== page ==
The pre-opening test ride Tōhoku Shinkansen train enters the platform at Shin-Aomori Station. The doors are an apple-red color, while the benches feature Aomori-produced hiba cypress wood. (October 29, Shin-Aomori Station)
Window view from a test ride. Starts at Shin-Aomori and then ends at Hachinohe. I believe this was from the November 3 test ride for children with disabilities and their families. Not the best quality, but there are still additional pre-opening test rides on November 20 and 21 for the 5,000 people who were lucky and got selected, so maybe we will get some better quality footage then.


Source: ARAIKIO on YouTube
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Old November 6th, 2010, 12:24 PM   #173
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JAL cuts airfares to Haneda to compete against Tōhoku Shinkansen extension
http://mytown.asahi.com/areanews/aom...011050562.html

Quote:
On October 29, Japan Airlines (JAL) announced discounted airfares for January through March of next year. The Aomori ‒ Haneda flight usually costs ¥30,200 (including the ¥100 Haneda Airport landing fee), but with the "Super Sentoku" program where passengers reserve tickets 45 days before their flight, the airfare for flights between January 11 and February 28 will be reduced to a mere ¥12,000. This is the lowest airfare in the history of the service, and cheaper than the ¥16,370 fare (regular fare plus limited express fare for a non-peak reserved seat) for the Tōhoku Shinkansen between Shin-Aomori and Tōkyō.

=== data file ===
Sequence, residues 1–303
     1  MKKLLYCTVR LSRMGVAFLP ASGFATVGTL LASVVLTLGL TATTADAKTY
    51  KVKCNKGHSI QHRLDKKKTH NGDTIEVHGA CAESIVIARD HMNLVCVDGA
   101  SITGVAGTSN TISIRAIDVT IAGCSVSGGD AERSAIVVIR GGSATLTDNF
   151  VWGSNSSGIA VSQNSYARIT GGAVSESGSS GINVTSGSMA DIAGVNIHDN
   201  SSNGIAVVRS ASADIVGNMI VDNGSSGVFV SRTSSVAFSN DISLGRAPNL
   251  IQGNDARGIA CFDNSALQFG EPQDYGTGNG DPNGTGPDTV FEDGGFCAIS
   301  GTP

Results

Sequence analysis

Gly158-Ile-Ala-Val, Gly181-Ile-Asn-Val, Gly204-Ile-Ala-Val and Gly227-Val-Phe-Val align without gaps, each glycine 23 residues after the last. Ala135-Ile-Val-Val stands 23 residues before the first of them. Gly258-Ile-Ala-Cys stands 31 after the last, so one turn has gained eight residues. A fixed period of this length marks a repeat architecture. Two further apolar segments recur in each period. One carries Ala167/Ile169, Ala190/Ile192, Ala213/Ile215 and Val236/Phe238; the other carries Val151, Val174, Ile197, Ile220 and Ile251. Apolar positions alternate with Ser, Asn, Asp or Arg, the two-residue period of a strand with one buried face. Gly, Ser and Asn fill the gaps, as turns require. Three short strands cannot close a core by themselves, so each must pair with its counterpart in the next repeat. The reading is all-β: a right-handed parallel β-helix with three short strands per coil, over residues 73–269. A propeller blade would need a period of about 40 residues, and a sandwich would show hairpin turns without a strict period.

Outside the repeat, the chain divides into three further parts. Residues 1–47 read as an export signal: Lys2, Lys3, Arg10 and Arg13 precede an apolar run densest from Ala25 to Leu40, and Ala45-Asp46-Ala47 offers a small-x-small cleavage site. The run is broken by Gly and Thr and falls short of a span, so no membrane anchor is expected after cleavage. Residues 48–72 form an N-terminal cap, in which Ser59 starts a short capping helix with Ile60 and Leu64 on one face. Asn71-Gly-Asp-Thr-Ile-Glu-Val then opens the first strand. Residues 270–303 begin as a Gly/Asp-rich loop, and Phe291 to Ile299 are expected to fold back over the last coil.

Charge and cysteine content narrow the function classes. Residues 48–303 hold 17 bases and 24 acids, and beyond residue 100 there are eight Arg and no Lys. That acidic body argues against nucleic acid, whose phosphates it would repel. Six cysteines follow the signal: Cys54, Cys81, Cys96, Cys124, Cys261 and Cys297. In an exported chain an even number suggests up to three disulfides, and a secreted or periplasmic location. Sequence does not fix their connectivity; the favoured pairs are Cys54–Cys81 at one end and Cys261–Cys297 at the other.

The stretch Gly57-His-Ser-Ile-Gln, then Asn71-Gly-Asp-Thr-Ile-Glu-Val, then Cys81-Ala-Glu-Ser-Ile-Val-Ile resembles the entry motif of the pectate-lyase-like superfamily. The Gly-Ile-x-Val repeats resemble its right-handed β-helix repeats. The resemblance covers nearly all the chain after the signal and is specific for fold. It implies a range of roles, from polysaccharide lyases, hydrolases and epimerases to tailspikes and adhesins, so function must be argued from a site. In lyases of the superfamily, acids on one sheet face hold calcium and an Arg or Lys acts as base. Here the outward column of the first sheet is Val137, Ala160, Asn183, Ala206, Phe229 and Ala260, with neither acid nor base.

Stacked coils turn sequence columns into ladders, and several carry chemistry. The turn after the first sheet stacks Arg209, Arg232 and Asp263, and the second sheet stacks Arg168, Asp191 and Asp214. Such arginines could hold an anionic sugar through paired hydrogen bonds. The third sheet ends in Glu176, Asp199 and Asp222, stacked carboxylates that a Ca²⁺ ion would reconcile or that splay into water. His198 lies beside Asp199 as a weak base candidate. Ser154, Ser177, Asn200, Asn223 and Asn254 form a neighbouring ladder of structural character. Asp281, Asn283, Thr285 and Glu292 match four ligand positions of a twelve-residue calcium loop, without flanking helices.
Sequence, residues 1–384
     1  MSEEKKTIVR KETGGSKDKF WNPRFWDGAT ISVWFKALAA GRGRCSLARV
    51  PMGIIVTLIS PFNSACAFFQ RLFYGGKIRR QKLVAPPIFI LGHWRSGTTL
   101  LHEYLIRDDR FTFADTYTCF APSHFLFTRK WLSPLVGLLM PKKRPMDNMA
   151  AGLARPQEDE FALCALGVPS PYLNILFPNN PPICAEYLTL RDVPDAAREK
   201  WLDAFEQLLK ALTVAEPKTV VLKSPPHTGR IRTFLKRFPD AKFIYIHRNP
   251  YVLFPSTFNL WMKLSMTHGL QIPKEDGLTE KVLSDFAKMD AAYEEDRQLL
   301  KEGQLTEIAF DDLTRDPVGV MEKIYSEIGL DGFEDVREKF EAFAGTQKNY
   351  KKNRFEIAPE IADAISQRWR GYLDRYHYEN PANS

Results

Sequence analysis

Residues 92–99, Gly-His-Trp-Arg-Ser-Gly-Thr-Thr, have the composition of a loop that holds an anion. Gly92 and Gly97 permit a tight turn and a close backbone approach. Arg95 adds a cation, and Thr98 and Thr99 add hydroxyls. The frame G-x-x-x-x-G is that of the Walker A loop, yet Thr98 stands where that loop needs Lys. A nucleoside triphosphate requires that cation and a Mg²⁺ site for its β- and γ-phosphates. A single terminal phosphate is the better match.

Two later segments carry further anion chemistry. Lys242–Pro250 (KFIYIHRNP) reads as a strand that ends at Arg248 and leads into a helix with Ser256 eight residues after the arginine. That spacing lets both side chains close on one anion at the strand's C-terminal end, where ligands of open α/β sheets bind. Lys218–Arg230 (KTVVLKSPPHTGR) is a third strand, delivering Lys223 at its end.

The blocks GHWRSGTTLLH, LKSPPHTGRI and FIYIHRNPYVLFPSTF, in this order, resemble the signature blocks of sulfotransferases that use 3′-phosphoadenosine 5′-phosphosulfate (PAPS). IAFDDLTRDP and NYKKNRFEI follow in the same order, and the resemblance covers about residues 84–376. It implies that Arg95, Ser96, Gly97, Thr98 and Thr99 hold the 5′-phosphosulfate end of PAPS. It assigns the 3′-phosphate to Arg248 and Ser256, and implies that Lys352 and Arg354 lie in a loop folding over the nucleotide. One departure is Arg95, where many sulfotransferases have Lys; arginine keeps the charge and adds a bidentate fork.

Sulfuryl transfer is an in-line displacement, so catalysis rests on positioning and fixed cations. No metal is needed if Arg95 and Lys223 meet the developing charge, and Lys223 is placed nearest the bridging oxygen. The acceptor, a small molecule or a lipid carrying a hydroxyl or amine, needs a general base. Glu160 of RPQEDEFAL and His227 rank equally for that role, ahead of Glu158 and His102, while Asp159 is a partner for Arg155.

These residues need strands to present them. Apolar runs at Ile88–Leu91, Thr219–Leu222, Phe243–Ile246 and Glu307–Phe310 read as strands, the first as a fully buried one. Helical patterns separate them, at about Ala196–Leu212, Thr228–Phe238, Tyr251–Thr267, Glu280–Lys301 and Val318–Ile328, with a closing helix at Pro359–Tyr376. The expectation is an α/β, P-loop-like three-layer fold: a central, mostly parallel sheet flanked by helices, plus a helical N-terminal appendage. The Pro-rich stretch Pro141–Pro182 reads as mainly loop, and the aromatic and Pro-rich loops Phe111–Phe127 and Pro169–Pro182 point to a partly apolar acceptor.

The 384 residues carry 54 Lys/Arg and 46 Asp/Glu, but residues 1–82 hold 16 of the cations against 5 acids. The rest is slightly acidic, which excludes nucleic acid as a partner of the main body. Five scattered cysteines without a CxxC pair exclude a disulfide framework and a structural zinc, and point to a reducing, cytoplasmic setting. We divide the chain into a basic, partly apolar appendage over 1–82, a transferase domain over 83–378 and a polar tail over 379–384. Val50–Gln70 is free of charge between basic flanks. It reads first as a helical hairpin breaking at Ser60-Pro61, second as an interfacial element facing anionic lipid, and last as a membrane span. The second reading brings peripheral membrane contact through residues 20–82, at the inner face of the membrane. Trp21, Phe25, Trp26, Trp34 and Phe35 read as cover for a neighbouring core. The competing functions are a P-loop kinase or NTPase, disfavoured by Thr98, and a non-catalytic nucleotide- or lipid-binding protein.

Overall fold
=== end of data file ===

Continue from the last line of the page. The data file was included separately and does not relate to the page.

According to JAL's Aomori Office, the airline introduced its first "Super Sentoku" program, which offers substantial discounts on Aomori ‒ Haneda and Misawa ‒ Haneda flights. Spokespersons for JAL's Aomori Office say, "The reduced airfare isn't necessarily a direct jab at the Shinkansen, but we certainly kept the Shinkansen fare in mind when we set the new fare."

The cheapest airfares for January through March (excepting peak holiday periods) are as follows:
  • Aomori ‒ Haneda: ¥12,000 to ¥20,000
  • Misawa ‒ Haneda: ¥12,000 to ¥16,500 (normally ¥29,600)
  • Aomori ‒ Itami: ¥18,000 to ¥26,000 (normally ¥36,700)
  • Aomori ‒ Sapporo: ¥16,500 to ¥18,500 (normally ¥21,400)
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Old November 6th, 2010, 12:27 PM   #174
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Tickets for opening day Tōhoku Shinkansen trains sell out in less than a minute
http://mytown.asahi.com/aomori/news....00541011050001
http://mytown.asahi.com/tokyo/news.p...00701011050001

Quote:
First train sells out in 30 seconds
On November 4, just one month away from the opening of the full length of the Tōhoku Shinkansen, tickets for opening day December 4 were on sale, and railfans lined up at several ticket counters in Aomori Prefecture. The first inbound and outbound trains connecting Shin-Aomori (Aomori City) and Tōkyō were so popular that they sold out in less than a minute. Commemorative events were also held inside Aomori City to get the festive mood started.

The new Shin-Aomori Station set to open is still under construction and currently lacks ticket counters, but about 25 people had queued up at Aomori Station about four kilometers away before 10:00 am, when ticket sales were scheduled to start.

Office worker Sakamoto Kōsuke (24), a native of Goshogawara City who now works in Taitō Ward, Tōkyō, was in line since 7:00 am, purchasing a reserved seat on the first train departing Shin-Aomori. Sakamoto went out of his way, taking time off from work to line up at Aomori Station: "If I was going to buy tickets, I figured I might as well buy them back home."